Discuss as:

Feds arrest suspect in ricin-positive letters sent to Obama, senator

The ricin-laced letters sent to President Obama and Mississippi Sen. Roger Wicker were both postmarked April 8 and sent from Memphis, Tenn., signed "I am KC and I approve this message." A third letter went to Michigan Sen. Carl Levin. NBC's Andrea Mitchell reports.

Federal agents on Wednesday arrested a suspect in the mailing of letters to President Barack Obama and a U.S. senator that initially tested positive for the poison ricin.

The suspect was identified as Paul Kevin Curtis of Tupelo, Miss., federal officials told NBC News. They said he may appear in court as early as Wednesday night.

Both letters carried an identical closing statement, according to an FBI bulletin obtained by NBC News on Wednesday.

According to the FBI bulletin, both letters, postmarked April 8, 2013 out of Memphis, Tenn., included an identical phrase, "to see a wrong and not expose it, is to become a silent partner to its continuance."

In addition, both letters are signed: "I am KC and I approve this message."


The letter to Obama was intercepted at an off-site White House mail facility and was being tested further, the FBI said. A federal law enforcement official said that the letter was “very similar” to one addressed to Sen. Roger Wicker, R-Miss. Another letter was addressed to a Mississippi justice official.

Lee County Sheriff Jim Johnson confirms a suspect has been arrested in relation to the ricin-laced letter sent to a Mississippi judge. Johnson adds that there are "great consistencies" between this letter and those sent to President Obama and Senator Wicker.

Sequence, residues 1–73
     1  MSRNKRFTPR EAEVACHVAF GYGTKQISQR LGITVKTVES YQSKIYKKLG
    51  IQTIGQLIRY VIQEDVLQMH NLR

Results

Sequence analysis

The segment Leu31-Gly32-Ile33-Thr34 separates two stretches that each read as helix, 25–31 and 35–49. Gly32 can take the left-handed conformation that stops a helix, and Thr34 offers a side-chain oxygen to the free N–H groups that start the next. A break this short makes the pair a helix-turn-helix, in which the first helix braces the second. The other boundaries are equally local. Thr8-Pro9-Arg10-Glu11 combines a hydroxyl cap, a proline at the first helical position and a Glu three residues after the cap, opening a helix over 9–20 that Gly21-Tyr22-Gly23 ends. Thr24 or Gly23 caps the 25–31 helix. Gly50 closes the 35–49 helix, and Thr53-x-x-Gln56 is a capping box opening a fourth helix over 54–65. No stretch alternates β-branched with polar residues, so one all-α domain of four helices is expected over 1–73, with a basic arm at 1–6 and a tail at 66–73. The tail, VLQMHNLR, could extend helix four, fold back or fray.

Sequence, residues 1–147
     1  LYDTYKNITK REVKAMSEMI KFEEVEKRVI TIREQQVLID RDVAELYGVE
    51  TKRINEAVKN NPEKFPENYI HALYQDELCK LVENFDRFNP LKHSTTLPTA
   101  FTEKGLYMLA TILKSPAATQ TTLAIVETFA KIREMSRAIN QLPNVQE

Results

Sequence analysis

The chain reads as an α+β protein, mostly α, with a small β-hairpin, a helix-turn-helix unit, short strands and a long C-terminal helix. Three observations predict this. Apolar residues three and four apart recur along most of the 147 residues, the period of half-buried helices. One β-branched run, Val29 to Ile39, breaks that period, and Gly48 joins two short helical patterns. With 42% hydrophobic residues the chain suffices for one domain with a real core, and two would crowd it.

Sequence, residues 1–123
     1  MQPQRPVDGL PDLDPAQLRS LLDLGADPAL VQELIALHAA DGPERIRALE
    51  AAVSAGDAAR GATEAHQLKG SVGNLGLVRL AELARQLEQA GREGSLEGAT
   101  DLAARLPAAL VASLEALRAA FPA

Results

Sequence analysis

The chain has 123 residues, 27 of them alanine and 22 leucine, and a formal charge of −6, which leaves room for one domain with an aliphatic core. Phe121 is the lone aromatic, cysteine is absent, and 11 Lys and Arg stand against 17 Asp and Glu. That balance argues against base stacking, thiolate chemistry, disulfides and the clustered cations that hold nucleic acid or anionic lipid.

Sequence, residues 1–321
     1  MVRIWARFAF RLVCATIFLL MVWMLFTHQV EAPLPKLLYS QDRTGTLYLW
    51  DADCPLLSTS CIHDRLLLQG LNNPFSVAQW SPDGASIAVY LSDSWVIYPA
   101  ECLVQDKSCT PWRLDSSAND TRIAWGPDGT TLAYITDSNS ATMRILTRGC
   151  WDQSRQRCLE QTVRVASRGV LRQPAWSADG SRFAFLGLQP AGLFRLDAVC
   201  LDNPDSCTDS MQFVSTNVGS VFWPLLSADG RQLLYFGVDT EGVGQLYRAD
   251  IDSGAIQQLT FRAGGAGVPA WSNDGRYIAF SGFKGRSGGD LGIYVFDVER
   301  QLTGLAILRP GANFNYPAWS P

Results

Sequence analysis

Curtis was arrested at his home in Corinth, Miss., at about 5:15 CT, after an investigation by federal, state and local agencies.

In a news conference Wednesday night, Lee County, Miss., Sheriff Jim Johnson said a Mississippi judge on April 10 received and opened a typewritten letter -- postmarked from Memphis, but without a return address -- that included “wording that was of interest,” as well as some "suspicious content."

Johnson said there were “great consistencies” between the letter received by the Mississippi judge and the letters directed to Wicker and President Obama. Tests are being conducted on the letter sent to the Mississippi judge to determine whether it was tainted with ricin, Johnson added.

The FBI is assisting the sheriff’s office in the investigation to determine whether the letters were sent by the same person.

Johnson would not identify the suspect in custody, adding that local authorities are waiting for results from the federal laboratory before filing any state charges.

Two federal officials said late Wednesday that an initial laboratory test on the material in the letters was inconclusive. The test shows some level of ricin, they said, but the potency is uncertain. They cannot tell whether the material is actually harmful or not, so more tests have been ordered.

Wicker released a statement Wednesday, thanking authorities for their help.

"Gayle and I want to thank the men and women of the FBI and U.S. Capitol Police for their professionalism and decisive action in keeping our family and staff safe from harm," the statement read.